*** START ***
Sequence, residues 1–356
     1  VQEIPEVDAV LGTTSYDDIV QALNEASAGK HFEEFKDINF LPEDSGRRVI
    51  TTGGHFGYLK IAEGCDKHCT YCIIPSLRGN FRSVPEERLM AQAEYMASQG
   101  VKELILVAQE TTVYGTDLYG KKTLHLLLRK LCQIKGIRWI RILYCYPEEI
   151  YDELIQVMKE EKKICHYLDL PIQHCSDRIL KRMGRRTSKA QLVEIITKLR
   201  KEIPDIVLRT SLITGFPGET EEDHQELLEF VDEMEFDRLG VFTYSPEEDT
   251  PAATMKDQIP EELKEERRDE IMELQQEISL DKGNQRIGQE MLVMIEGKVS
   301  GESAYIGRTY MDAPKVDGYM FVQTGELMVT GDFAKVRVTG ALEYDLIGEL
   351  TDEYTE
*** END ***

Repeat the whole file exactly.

Sequence, residues 1–356
     1  VQEIPEVDAV LGTTSYDDIV QALNEASAGK HFEEFKDINF LPEDSGRRVI
    51  TTGGHFGYLK IAEGCDKHCT YCIIPSLRGN FRSVPEERLM AQAEYMASQG
   101  VKELILVAQE TTVYGTDLYG KKTLHLLLRK LCQIKGIRWI RILYCYPEEI
   151  YDELIQVMKE EKKICHYLDL PIQHCSDRIL KRMGRRTSKA QLVEIITKLR
   201  KEIPDIVLRT SLITGFPGET EEDHQELLEF VDEMEFDRLG VFTYSPEEDT
   251  PAATMKDQIP EELKEERRDE IMELQQEISL DKGNQRIGQE MLVMIEGKVS
   301  GESAYIGRTY MDAPKVDGYM FVQTGELMVT GDFAKVRVTG ALEYDLIGEL
   351  TDEYTE